Cento – (individual)

A very cool experiment to do once your students have written or read a lot in a particular form. The Cento is a form of found poetry where the writer takes words, phrases, lines, sentences from other texts and combines them into a completely new form. See here for more explanation and a few examples. Think sampling, mashing-up, or remixing.  There are many many ways to do this. One is to have your students go through a collection of their own work and poach different pieces from each to create a new text. Another way to do it is to have students share their writing with each other so that the writer is building a new text out of the pieces of his or her peers. The example below is from a high school class. I’ll let the teacher describe what they did:

So I’ve been noodling around with catalog verse as a warm up… that’s not that interesting… but after students do the normal thing, read share etc… I ask for a volunteer to collect everyone’s paper and ask them to use the students work to make a class compilation… to start out, many students would make a representative list picking one or two from each student… sort of an all-star list poem… they have now sort of evolved into something a little more unique… this one is really tremendous… the student using the other students work, came up with something quite interesting and doesn’t have a Frankenstein feel at all… check it out…

Things That Drive Us Crazy

When people think they’re above me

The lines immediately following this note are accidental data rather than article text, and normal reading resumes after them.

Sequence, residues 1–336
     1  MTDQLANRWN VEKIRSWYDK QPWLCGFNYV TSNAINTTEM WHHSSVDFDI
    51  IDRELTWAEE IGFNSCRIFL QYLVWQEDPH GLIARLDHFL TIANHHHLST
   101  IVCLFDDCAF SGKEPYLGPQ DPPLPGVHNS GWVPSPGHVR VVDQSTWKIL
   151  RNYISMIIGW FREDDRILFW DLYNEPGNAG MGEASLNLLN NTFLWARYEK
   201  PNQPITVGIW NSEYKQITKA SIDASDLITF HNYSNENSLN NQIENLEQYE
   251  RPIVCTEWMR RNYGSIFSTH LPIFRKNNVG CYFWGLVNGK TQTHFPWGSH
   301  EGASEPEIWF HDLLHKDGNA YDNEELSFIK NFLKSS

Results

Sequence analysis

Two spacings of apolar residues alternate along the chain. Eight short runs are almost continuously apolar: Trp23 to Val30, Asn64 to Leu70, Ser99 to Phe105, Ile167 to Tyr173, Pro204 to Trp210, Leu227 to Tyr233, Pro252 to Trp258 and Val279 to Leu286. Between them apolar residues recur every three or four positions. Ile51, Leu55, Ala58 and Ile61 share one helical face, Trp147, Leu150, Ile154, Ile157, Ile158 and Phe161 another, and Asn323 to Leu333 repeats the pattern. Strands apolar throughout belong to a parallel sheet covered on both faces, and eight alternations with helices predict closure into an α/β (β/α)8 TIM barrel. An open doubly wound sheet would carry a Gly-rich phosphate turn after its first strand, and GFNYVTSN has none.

People

Feeling inferior

When someone takes a joke personally

Being excluded

My family

My friends

Love

Bitches, man

High School

College talk

Deadlines

Pressure

My stupid mistakes

When I can’t solve a math problem, or a problem of any kind

The uncertainty of my future

My anxiety

Schizophrenia

When they just don’t shut up

Ignorance

Arrogance and opinionating

Failure

A bad loss in anything

Having to be an adult about it

Irresponsibility

Ambiguous directions

Double Standards

Foggy Brain

Thinking

I drive myself crazy

One of the qualities of the Cento that makes this a must do warm up or writing experiment is the opportunity it provides for students to revisit writing, to look at it with new eyes, to experience how they can manipulate it, and to realize that writing begets other writing. Students must think strategically for Centos to work. Plus, it privileges surprises through juxtaposition – a move that energizes writing.

D

Definitions – (partners, small groups, large groups)

The challenge is to collaboratively write definitions for common words. Begin by showing students a few definitions from a dictionary: what are some common moves that are made in definitions (parts of speech, multiple definitions, examples of use, synonyms, antonyms)? Then, ask the students to suggest a few common words that would be interesting to define (e.g. desk, smile, run, lettuce, crime). Write ’em up on the board. Partner the students up or organize them in small or large groups and have them each get out a piece of paper. Have them choose a word from the list or one they have in their head and put it at the top of the paper. Next, have them collaboratively build definitions for the chosen words in a three or four word trade off. Coach the students to use the moves that are commonly made in dictionary definitions, but surprise us with new and surprising definitions, uses, synonyms, and antonyms for the words (e.g. Lettuce: Common contraction of the two words “let” and “us.” “Hey, lettuce entertain you!”.